By the broadest definition, a body cavity is any fluid filled space in a multicellular organism. However, the term usually refers to the space, located between an animal’s outer covering (epidermis) and the outer lining of the gut cavity, where internal organs develop. "The body cavity" of human body cavities normally refers to the ventral body cavity, because it is by far the largest one in area.
The type of body cavity places an organism into one of these three groups:
Mammalian embryos develop two coelomic cavities: the intraembryonic coelom and the extraembryonic coelom (or chorionic cavity). The intraembryonic coelom is lined by somatic and splanchnic lateral plate mesoderm, while the extraembryonic coelom is lined by extraembryonic mesoderm. The intraembryonic coelom is the only cavity that persists in the mammal at term, which is why its name is often contracted to simply coelomic cavity. Subdividing the coelomic cavity into compartments, for example, the pericardial cavity / pericardium, where the heart develops, simplifies discussion of the anatomies of complex animals.
Coelom formation begins in the gastrula stage. The developing digestive tube of an embryo forms as a blind pouch called the archenetron.
In Protostomes, a process known as schizocoelus happens: as the archenteron initially forms, the mesoderm splits to form the coelomic cavities. In Deuterostomes, a process known as enterocoelus happens: the mesoderm buds from the walls of the archenteron and hollows to become the coelomic cavities.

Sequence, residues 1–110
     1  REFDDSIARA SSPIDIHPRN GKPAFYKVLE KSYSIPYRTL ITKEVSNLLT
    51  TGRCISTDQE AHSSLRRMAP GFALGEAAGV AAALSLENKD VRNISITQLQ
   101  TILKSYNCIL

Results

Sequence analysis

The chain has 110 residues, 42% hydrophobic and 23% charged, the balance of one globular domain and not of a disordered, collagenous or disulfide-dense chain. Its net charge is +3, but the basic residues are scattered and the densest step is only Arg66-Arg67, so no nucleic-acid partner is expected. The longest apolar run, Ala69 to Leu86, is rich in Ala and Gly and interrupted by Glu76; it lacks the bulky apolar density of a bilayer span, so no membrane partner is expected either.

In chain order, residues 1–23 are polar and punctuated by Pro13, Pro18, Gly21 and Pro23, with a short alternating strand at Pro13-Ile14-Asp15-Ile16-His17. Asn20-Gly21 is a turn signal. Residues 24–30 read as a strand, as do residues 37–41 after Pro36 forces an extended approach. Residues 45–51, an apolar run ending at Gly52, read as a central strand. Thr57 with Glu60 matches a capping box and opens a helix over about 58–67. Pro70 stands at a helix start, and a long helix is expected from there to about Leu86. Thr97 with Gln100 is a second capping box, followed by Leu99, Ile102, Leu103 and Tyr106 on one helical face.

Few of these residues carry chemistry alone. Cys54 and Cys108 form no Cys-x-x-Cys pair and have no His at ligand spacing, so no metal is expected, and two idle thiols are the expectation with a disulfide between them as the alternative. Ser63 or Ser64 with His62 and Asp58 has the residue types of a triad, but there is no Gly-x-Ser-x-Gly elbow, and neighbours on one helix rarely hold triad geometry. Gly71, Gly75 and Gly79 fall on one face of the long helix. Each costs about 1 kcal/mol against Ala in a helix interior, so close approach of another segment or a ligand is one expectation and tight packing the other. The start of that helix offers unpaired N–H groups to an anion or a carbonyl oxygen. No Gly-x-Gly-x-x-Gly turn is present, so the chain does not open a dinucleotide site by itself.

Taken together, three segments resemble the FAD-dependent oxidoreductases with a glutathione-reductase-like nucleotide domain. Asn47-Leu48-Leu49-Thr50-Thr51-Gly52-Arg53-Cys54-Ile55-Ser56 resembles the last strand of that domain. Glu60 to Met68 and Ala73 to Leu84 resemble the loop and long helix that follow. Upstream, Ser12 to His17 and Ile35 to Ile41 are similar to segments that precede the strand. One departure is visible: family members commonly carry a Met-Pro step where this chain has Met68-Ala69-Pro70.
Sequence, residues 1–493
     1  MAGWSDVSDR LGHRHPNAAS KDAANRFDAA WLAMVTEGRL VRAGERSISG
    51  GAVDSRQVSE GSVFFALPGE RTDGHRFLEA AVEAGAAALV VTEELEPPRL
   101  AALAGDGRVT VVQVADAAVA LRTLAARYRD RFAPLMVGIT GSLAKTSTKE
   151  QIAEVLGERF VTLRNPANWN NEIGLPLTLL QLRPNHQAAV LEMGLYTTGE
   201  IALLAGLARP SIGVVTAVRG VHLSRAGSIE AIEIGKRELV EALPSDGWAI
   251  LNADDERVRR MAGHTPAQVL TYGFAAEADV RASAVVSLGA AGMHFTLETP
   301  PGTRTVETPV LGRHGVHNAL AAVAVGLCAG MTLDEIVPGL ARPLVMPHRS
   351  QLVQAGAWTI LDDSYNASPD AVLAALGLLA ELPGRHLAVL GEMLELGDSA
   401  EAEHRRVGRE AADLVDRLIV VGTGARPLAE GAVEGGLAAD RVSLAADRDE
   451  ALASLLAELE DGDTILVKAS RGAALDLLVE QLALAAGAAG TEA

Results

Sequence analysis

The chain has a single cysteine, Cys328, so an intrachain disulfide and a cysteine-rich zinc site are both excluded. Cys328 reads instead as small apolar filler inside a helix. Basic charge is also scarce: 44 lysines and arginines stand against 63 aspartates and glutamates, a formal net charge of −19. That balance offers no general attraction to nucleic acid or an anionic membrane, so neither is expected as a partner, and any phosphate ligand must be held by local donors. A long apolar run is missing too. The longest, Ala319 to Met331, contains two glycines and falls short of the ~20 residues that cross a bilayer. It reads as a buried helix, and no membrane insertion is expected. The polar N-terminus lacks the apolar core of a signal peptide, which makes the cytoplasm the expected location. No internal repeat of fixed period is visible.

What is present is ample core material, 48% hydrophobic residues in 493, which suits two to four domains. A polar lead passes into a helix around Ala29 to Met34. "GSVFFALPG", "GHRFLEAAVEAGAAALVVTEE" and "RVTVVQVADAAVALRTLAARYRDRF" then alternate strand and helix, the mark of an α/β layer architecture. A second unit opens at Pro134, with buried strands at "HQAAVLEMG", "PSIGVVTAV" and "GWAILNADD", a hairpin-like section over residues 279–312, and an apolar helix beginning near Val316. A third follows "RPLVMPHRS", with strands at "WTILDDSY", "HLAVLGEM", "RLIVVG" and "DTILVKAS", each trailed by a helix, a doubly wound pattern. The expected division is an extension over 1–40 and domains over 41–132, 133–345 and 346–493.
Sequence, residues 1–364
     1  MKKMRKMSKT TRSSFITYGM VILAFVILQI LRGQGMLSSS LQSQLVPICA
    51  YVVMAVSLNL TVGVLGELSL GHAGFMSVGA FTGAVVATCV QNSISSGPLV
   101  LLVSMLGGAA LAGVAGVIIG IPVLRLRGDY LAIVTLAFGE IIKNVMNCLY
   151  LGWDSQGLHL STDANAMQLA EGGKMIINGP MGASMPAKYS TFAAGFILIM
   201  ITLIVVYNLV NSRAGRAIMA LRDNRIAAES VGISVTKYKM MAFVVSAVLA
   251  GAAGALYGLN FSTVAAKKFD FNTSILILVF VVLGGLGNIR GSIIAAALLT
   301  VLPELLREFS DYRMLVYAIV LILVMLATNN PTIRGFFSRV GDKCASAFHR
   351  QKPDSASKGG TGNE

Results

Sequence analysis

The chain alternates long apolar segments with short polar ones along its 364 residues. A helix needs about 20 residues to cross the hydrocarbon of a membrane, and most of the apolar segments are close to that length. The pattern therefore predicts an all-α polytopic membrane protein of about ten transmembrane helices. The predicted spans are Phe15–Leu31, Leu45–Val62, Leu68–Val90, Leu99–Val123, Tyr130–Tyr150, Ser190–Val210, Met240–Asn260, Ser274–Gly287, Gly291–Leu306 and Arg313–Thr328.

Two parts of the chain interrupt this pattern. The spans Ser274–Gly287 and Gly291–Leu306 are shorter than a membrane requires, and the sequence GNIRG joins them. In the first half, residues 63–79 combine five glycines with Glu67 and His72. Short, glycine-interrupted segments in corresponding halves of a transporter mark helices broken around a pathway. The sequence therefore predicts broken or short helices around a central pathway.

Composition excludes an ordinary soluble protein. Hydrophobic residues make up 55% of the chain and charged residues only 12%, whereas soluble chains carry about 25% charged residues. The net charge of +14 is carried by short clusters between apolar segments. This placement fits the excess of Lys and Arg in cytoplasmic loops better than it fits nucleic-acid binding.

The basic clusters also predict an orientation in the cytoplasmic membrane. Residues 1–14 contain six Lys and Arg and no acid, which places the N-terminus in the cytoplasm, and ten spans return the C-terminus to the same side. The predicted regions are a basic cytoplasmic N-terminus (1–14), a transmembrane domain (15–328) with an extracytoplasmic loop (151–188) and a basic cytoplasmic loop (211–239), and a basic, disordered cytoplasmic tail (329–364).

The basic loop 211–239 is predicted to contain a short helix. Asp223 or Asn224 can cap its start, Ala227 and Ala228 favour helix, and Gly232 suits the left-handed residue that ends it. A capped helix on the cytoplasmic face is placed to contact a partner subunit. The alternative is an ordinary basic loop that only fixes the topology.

The origin of the coelom is uncertain. The oldest known animal to have had a body cavity is Vernanimalcula.
Current evolutionary theories:
In some protostomes, the embryonic blastocoele persists as a body cavity. These protostomes have a fluid filled main body cavity unlined or partially lined with tissue derived from mesoderm. This fluid-filled space surrounding the internal organs serves several functions like distribution of nutrients and removal of waste or supporting the body as a hydrostatic skeleton.
A pseudocoelomate is any invertebrate animal with a three-layered body and a pseudocoel. The coelom was apparently lost or reduced as a result of mutations in certain types of genes that affected early development. Thus, pseudocoelomates evolved from coelomates (Evers, 355).
Lacking a fluid filled body cavity presents some serious disadvantages. Fluids do not compress, while the tissue surrounding the organs of these animals will compress. Therefore, acoelomate organs are not protected from crushing forces applied to the animal’s outer surface.
Organisms showing acoelomate formation include the platyhelminthes (flatworms, tapeworms etc.) The coelom can be used for diffusion of gases and metabolites etc. These creatures do not have this need, as the surface area to volume ratio is large enough to allow absorption of nutrients and gas exchange by diffusion alone, due to dorso-ventral flattening.
Platyhelminthes along with members of the phylum Nemertea (ribbon worms), lack a coelom* - a fluid-filled cavity between the outer body wall and the gut. These animals are described as being acoelomate* .